3. Causes of Stillbirth and Time of Death in Swedish Holstein Calves Examined Post Mortem

    PubMed Central

    Berglund, B; Steinbock, L; Elvander, M

    2003-01-01

    This study was initiated due to the observation of increasing and rather high levels of stillbirths, especially in first-calving Swedish Holstein cows (10.3%, 2002). Seventy-six Swedish Holstein calves born to heifers at 41 different farms were post mortem examined in order to investigate possible reasons for stillbirth and at what time in relation to full-term gestation they had occurred. The definition of a stillborn calf was dead at birth or within 24 h after birth after at least 260 days of gestation. Eight calves were considered as having died already in uterus. Slightly less than half of the examined calves (46.1%) were classified as having died due to a difficult calving. Four calves (5.3%) had different kinds of malformations (heart defects, enlarged thymus, urine bladder defect). Approximately one third of the calves (31.6%) were clinically normal at full-term with no signs of malformation and born with no indication of difficulties at parturition or any other reason that could explain the stillbirth. The numbers of male and female calves were rather equally distributed within the groups. A wide variation in post mortem weights was seen in all groups, although a number of the calves in the group of clinically normal calves with unexplained reason of death were rather small and, compared with e.g. those calves categorised as having died due to a difficult calving, their average birth weight was 6 kg lower (39.9 ± 1.7 kg vs. 45.9 ± 1.5 kg, p ≤ 0.01). It was concluded that the cause of stillbirth with a non-infectious aetiology is likely to be multifactorial and difficult calving may explain only about half of the stillbirths. As much as one third of the calves seemed clinically normal with no obvious reason for death. This is a target group of calves that warrants a more thorough investigation in further studies. PMID:15074624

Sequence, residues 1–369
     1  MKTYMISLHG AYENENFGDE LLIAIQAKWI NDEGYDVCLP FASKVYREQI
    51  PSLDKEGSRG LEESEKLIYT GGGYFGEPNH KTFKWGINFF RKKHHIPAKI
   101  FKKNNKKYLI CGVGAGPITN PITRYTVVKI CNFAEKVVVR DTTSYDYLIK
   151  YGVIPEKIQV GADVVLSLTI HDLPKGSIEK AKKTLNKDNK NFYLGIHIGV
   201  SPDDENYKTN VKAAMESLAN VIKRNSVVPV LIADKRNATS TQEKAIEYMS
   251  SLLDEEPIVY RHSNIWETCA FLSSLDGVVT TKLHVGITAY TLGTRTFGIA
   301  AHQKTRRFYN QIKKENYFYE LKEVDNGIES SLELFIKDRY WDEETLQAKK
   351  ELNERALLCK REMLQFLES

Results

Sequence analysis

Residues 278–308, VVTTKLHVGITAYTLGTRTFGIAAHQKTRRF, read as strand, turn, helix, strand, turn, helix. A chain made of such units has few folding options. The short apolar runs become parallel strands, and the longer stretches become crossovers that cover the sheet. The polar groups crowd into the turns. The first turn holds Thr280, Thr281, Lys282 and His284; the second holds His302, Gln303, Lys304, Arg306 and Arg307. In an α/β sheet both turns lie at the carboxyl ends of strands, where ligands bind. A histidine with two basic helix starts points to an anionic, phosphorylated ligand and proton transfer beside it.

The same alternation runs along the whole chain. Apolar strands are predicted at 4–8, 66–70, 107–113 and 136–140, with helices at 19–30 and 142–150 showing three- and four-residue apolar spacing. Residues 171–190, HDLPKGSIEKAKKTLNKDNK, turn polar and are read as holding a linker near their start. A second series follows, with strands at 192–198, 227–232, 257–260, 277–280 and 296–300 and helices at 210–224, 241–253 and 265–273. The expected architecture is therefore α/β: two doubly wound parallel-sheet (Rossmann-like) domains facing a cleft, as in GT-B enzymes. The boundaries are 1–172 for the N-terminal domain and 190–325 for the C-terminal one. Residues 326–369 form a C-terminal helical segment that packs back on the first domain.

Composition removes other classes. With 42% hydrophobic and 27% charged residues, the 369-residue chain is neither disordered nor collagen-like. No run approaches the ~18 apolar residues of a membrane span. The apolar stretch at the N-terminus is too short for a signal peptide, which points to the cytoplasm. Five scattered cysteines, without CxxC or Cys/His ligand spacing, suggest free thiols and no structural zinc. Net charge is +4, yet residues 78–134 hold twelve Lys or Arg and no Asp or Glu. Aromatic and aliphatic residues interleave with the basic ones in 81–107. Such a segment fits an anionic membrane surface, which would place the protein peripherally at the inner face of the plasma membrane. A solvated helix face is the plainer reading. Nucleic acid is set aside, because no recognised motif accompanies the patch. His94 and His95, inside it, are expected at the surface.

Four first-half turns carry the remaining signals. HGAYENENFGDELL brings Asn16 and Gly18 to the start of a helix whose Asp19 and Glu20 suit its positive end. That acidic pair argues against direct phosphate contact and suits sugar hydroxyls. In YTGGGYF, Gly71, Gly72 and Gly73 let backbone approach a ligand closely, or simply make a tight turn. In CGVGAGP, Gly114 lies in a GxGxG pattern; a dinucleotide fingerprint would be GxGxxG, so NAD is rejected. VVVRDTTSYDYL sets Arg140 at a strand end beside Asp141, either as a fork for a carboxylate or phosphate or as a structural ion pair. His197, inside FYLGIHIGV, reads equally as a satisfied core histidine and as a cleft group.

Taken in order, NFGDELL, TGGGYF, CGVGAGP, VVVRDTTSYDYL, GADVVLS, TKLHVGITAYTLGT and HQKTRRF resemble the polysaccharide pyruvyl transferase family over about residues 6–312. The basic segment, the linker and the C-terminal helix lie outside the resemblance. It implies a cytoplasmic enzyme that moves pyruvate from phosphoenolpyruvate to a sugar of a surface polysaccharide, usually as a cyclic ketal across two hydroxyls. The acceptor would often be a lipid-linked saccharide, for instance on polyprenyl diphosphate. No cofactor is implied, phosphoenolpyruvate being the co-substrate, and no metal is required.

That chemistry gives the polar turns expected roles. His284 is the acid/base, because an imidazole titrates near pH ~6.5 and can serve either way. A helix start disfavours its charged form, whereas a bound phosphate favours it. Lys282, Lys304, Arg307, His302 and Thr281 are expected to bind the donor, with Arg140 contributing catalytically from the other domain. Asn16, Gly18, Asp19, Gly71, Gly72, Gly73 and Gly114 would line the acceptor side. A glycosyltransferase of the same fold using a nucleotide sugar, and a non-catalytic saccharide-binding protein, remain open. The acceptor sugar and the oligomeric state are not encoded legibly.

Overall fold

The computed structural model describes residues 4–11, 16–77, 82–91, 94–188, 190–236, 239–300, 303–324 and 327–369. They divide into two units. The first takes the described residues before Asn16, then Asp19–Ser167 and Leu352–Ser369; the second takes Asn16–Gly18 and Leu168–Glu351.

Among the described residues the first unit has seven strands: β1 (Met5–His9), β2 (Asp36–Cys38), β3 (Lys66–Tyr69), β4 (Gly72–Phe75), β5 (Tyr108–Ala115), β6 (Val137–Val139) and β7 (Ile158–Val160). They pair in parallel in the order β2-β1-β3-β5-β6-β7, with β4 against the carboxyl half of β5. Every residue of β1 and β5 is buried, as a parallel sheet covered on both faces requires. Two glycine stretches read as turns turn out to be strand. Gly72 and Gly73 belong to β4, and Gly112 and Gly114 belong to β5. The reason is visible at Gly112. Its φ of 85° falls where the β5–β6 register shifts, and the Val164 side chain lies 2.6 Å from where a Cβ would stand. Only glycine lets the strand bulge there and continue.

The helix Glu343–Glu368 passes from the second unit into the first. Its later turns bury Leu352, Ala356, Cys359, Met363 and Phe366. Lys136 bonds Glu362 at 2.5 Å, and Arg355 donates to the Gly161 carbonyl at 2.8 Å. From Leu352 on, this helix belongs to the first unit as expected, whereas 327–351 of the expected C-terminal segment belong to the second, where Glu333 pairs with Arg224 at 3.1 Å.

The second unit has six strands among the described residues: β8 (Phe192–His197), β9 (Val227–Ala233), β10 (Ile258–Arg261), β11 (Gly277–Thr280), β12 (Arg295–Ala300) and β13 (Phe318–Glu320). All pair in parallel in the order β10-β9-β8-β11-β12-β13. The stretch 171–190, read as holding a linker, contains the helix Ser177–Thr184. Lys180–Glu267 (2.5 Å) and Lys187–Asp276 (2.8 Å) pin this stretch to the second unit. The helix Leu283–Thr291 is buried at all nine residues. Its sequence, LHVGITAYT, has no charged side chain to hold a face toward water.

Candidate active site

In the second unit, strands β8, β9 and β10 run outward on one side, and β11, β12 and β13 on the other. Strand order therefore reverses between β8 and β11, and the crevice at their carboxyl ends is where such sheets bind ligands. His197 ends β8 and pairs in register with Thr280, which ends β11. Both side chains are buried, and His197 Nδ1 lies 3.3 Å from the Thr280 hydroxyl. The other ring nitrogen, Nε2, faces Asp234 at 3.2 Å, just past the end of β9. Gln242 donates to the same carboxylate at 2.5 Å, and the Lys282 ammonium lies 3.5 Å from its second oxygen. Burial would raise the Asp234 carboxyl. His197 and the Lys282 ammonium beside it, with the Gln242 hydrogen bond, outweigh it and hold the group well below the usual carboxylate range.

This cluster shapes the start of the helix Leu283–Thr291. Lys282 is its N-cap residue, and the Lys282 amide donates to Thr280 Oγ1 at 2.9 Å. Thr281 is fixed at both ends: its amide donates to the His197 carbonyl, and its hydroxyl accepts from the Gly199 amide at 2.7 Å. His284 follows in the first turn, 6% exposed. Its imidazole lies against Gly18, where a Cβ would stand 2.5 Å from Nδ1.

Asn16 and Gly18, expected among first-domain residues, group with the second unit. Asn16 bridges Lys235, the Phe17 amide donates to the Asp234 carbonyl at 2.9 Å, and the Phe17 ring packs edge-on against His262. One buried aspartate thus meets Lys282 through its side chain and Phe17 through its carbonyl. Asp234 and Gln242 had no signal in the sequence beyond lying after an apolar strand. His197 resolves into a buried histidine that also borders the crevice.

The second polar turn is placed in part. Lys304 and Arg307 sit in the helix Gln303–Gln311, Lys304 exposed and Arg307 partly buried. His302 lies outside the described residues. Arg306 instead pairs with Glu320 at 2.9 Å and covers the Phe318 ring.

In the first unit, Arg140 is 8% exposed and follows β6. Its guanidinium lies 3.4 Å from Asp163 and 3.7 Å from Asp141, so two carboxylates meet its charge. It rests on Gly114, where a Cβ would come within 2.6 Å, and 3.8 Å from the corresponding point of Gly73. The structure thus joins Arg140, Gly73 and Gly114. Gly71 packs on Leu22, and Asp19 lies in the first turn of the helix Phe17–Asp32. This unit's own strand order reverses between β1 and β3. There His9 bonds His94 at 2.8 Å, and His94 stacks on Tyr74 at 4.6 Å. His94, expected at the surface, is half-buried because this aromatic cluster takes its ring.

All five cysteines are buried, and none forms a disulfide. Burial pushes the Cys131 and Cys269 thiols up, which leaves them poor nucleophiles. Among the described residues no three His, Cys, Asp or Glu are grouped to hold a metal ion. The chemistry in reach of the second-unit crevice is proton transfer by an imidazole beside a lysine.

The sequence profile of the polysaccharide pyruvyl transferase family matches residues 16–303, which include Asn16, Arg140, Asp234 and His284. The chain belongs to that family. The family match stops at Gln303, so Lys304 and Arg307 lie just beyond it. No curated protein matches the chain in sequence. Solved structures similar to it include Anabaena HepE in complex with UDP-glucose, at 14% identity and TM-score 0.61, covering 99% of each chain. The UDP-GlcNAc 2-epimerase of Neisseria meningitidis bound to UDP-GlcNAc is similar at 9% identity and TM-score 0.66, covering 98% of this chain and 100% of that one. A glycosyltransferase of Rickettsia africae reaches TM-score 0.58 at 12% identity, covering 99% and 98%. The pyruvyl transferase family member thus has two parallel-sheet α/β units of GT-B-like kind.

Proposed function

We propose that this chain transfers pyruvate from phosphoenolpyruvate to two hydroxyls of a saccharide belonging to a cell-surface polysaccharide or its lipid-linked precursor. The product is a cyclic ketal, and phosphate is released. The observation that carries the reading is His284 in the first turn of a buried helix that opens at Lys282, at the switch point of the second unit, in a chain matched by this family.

4. Next-Generation Sequencing in Post-mortem Genetic Testing of Young Sudden Cardiac Death Cases

    PubMed Central

    Lahrouchi, Najim; Behr, Elijah R.; Bezzina, Connie R.

    2016-01-01

    Sudden cardiac death (SCD) in the young (<40 years) occurs in the setting of a variety of rare inherited cardiac disorders and is a disastrous event for family members. Establishing the cause of SCD is important as it permits the pre-symptomatic identification of relatives at risk of SCD. Sudden arrhythmic death syndrome (SADS) is defined as SCD in the setting of negative autopsy findings and toxicological analysis. In such cases, reaching a diagnosis is even more challenging and post-mortem genetic testing can crucially contribute to the identification of the underlying cause of death. In this review, we will discuss the current achievements of “the molecular autopsy” in young SADS cases and provide an overview of key challenges in assessing pathogenicity (i.e., causality) of genetic variants identified through next-generation sequencing. PMID:27303672

  5. Oblique Loading in Post Mortem Human Surrogates from Vehicle Lateral Impact Tests using Chestbands.

    PubMed

    Yoganandan, Narayan; Humm, John R; Pintar, Frank A; Arun, Mike W J; Rhule, Heather; Rudd, Rodney; Craig, Matthew

    2015-11-01